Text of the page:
Saying Goodbye

It was a cold Monday in February. We had a family meeting scheduled for 1 pm that day and I knew that we were going to receive devastating news. Adam and I didn’t talk about it, almost as though verbalizing it would somehow make it more of a reality than it already was.

The time had finally come for us to head to a small consult room where Ellie’s team awaited us. Adam and I took a seat in the sofa and looked around the room of familiar faces: Ellie’s nurse, the pediatric palliative care team, the nephrologist, and her NICU attending and fellow. The NICU fellow, Genny, led the meeting with compassion and careful words. My mind replays this meeting on a regular basis and I can vividly hear the words, delivered with kindness yet they felt like daggers in my soul.

It was during that family meeting that we heard the news no parent ever wants to hear: our baby was continuing to decline and there was nothing her teams could do to save her. Her time was running short, even with all the aggressive care she was already receiving. We could continue to provide aggressive care long as possible, but the longer we did so the higher the likelihood of a catastrophic end to her life. We had witnessed a horrifying code blue when she was about 5 days old and the thought of another emergency situation was not something I wanted to experience. We were given a choice to discontinue aggressive care and focus only on her comfort. This was ultimately the path we chose for our girl.

As the team left the room, Adam let out the most gut wrenching cry that I will never forget as long as I live. We held each other tightly on the sofa knowing that our lives were about to take an unbelievable turn. We were literally walking through hell together and I’ve never felt closer to him than I did that day. This whole day felt like an out of body experience – I could see two worn down parents with pain in their faces as they made unfathomable decisions. I could hear the words spoken yet couldn’t believe they were coming from my mouth. This couldn’t be my life unfolding before me.

I immediately called my parents and they made the 2 hour drive to Chapel Hill in record time. Adams parents were already in town and had been keeping Ellie company while we had our meeting. We decided to not bring Audrey Kate to the hospital to meet her sister. Her ventilator was loud and with all the tubes and machines we were worried this would be a traumatic experience and could make her death an even more difficult experience. I question this decision regularly.

I immediately went to Ellie’s room and kissed her head and her cheeks. You see, when a baby is in the NICU you aren’t able to do these things because of infection risk. But because our sweet girl’s time was short, all restrictions were lifted and I smothered her precious little face with all the kisses I had been holding in for days.

Our preacher, David, arrived at the hospital not long afterward and baptized our sweet girl. He anointed her head with oil and to this day I can still smell that sweet fragrance. Afterward her nurse helped us obtain a mold of her foot and a lock of her hair. I would have never thought to ask for these things and now they are some of the most precious keepsakes.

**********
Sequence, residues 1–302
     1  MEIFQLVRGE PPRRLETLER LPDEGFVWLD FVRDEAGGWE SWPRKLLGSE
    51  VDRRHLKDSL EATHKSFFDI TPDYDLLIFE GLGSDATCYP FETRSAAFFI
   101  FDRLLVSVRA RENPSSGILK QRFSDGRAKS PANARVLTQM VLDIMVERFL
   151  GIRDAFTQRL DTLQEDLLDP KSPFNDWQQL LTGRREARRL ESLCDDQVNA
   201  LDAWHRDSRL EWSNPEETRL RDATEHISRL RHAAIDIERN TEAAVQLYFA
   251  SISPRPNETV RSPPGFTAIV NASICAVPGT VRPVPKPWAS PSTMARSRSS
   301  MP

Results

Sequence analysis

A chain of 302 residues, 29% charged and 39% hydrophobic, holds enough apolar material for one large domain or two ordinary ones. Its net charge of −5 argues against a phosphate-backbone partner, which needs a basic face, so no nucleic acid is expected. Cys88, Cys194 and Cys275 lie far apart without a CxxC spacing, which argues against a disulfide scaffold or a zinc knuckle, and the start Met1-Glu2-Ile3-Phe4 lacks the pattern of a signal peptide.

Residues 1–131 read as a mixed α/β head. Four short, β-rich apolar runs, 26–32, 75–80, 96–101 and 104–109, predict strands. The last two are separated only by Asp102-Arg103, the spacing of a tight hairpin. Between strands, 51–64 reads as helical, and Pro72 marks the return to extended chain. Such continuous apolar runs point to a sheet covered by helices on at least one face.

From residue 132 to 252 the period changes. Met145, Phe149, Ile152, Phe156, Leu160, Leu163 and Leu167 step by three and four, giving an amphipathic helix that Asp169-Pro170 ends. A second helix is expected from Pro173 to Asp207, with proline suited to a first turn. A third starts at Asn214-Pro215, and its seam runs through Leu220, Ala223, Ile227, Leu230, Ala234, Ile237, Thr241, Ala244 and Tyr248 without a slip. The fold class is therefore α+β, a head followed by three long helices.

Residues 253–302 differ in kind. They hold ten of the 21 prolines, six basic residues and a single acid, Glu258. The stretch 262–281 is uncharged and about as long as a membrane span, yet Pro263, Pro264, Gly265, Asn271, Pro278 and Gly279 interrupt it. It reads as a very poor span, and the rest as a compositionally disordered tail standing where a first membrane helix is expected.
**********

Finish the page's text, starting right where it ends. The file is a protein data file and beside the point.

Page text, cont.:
After our parents said their goodbyes to their granddaughter, Adam and I had special time with just the 3 of us. It took a team of about 6 nurses and respiratory therapists to transfer Ellie into her mama’s arms. This was the first time I felt what it was like for grief and joy to coexist. Adam and I took turns holding our daughter and soaking in every moment with her. Meanwhile Ellie’s team worked so hard to keep her comfortable as her little body was failing.

We knew it was time to say goodbye and let Ellie go. She was finally peaceful after a day of suffering. I grabbed Adam’s face and made him promise me that although I was speaking, the decision rested on both of us. He nodded his head in agreement. I walked out of the room to let our nurse know we were ready. The team would be in shortly to turn off the ventilator and extubate our daughter. We knew her death would come quickly after that because her lungs were way too weak to breathe on their own. I couldn’t bear to watch it unfold so I asked them to tap me on the shoulder when they had finished. I closed my eyes and waited.

The room became eerily quiet without the loud pulsating of the ventilator. The NP tapped my shoulder. When I opened my eyes, I was staring at the most beautiful face that was finally free of tape and tubes and was peaceful in her daddy’s arms. For the first time, I could see Ellie’s lips and nose and I could barely catch my breath from her beauty and our pain. Adam laid Ellie in my arms next and it is there where her heart stopped beating and she left her earthly body. I held tightly to her for a long time as her body began to lose its warmth. After placing a stethoscope on her little chest, her NP quietly said “she’s gone.”

Our nurse helped bathe our little one and dressed her in the most beautiful white dress that had been sewn from a wedding gown. It was a dress that was so perfect for an angel. After we said our final goodbyes, we left and allowed her nurse to take her body away. We walked out of the NICU that night empty handed with shattered hearts.

February 12, 2018 will always hold a special place in my heart. It was on this day our family began our journey of child loss and grief. It was the day I first held and kissed my daughter and the day the gates of heaven opened and she was welcomed home. Every day I spend on this earth will be spent missing my girl and anxiously awaiting our eternal reunion.

Ellie Rose, as long as I’m living, my baby you’ll be.

Photo credit: Now I Lay Me Down to Sleep

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